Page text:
Wednesday, March 7, 2012

Assumptions of the transaction cost theory

In the last blog, we looked at Williamson's TCT formulation. In the current blog we look at the 2 essential assumptions about economic actors engaged in a transaction.
1. Bounded Rationality
2. Opportunism

Bounded Rationality is a term that we have used multiple terms thus far and essentially means - those who are engaged in a transaction are rational but have a limit to this rationality. What does this mean? I helps us realize that we would in the absence of such an assumption be writing contracts that would have unlimited complexity. Economic actors involved in the transaction simply cannot envision all the possible outcomes in an exchange relationship and there for formulate contracts for all eventualities.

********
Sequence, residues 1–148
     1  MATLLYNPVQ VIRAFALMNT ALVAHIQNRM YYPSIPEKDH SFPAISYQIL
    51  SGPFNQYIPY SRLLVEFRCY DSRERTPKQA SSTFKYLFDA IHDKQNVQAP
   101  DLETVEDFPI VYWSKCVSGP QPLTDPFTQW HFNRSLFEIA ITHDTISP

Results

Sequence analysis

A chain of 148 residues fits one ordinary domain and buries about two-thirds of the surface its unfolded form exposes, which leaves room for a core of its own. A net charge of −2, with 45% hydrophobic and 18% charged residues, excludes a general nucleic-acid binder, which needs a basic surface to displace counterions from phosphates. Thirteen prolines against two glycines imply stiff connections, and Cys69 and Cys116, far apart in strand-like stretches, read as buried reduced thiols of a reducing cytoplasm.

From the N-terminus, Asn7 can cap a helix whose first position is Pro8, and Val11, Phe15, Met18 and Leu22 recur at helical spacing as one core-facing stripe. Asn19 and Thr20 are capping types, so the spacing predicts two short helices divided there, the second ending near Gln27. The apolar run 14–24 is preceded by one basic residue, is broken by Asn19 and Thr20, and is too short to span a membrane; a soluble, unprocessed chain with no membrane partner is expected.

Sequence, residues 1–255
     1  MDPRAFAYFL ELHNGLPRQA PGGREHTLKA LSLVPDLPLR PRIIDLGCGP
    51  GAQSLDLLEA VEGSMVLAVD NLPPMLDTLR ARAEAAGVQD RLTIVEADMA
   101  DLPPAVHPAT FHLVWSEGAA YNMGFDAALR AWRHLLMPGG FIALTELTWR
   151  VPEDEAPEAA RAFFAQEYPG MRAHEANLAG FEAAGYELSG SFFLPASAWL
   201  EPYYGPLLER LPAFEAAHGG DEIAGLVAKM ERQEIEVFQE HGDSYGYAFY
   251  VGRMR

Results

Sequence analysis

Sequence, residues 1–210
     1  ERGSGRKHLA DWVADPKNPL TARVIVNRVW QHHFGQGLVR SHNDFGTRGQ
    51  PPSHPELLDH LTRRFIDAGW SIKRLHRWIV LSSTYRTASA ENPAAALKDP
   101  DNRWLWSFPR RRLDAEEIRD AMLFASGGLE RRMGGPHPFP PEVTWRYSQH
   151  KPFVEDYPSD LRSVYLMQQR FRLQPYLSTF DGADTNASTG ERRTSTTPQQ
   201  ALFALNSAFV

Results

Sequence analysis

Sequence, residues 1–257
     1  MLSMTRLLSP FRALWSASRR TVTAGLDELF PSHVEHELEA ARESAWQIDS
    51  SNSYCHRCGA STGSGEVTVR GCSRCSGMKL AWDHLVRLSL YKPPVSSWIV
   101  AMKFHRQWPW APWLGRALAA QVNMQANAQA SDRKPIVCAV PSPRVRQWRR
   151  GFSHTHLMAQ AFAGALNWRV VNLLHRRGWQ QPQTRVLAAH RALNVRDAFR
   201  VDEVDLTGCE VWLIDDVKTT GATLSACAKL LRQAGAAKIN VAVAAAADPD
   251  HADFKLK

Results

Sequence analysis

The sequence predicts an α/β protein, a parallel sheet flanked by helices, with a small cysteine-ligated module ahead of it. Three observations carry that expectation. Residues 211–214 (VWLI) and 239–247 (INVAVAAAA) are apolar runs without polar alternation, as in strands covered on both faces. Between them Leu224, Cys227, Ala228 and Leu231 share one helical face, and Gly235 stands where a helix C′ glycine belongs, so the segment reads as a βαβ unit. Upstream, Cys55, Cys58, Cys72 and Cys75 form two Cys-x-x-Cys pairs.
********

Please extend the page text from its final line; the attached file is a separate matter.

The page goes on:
Opportunism refers to incomplete or distorted information disclosure towards misleading or confusing partners in the exchange. It would be highly complex to assume that all actors are always opportunistic, however it would be easier if we begin with the assumption that actors may behave opportunistically and it is extremely costly to make the distinction who is opportunistic and who is not - this is what TCT assumes. It is this threat that in the world we deal with much more than merely the promises.

These two are important considerations - firms and people should always safeguard to avoid being victimized by the others.

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